Sunday, January 13, 2019

The Challenge of Common Name Brick Walls: #52 Ancestors in 52 Weeks Post 2

Dear Grandparents,
Though I often post about your adventures centuries ago, there are those of you who remain mysteries to me. Many of you were born in 19th century America, I'm sorry to admit. When I can find European Records several centuries older it bedevils me to admit that you remain successfully hidden in my own country. The single common denominator among you is the commonality of your surnames.

First example: Elizabeth Jane Jones. I have been searching for the identities of her parents for years.
Elizabeth Jane (Jones) Gibson from family Bible in my possession
According to her daughter Sarah Amanda (Gibson) Hugunin's family Bible, she was born 2 May 1821 in Tennessee. She married Newsom Gibson 29 Dec 1840 in Davidson County, Tennessee and died 1 Jan 1895 in Chicago, Cook County, IL. I have no way to distinguish her from the others named Elizabeth Jones and connect her to her parents.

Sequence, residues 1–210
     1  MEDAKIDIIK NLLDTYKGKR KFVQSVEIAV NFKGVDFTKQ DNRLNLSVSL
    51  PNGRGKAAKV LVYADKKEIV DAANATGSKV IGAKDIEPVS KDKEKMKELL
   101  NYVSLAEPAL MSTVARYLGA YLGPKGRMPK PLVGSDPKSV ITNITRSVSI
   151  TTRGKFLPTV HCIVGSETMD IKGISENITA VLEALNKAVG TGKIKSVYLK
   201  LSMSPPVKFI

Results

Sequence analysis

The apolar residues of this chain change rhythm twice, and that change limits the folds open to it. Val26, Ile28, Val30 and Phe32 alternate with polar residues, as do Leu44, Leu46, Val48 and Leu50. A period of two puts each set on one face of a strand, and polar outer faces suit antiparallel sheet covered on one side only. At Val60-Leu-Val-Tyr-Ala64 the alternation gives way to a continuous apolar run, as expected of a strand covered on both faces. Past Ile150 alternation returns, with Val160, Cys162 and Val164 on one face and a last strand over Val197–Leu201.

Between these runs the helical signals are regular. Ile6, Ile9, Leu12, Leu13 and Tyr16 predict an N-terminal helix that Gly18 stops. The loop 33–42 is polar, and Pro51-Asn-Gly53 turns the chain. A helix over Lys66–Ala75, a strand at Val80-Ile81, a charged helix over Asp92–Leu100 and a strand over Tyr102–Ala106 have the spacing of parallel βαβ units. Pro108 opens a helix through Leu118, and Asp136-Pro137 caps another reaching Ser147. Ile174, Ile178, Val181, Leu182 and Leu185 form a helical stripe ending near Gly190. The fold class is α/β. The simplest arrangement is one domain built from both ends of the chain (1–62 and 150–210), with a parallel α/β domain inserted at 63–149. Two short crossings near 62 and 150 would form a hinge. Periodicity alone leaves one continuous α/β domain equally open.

Second: William Henry Colby, my second great grandfather was born between 1827-30 in New Hampshire or perhaps NY according to records I've discovered.  I have not been able to determine which of the William or Wm Colbys listed in the 1850 Federal Census is him. He married Fanny Hutchinson Hunnewell 11 May 1855 in Lake County, Illinois. My Great Grandfather William Wallace Colby was born 16 Oct 1857 in Black Hawk County, Iowa. The other children are all born in Lake County. Usually in the census he is listed as a farmer however in the late 1870s the family is living in Logansport, Indiana and William is running a broom making business. The broom making is corraborated by a letter written by my Great Grandfather to a cousin.
William H. Colby 1900 Census Vernon Township, Lake County, Illinois
image from
I have found many William Colby's born in New Hampshire between 1825-1830 but still not the clue to link him to his parents. I have DNA matches the tie into descendants of Anthony Colby who immigrated from England with the Winthrop Fleet in 1630 but no paper trail.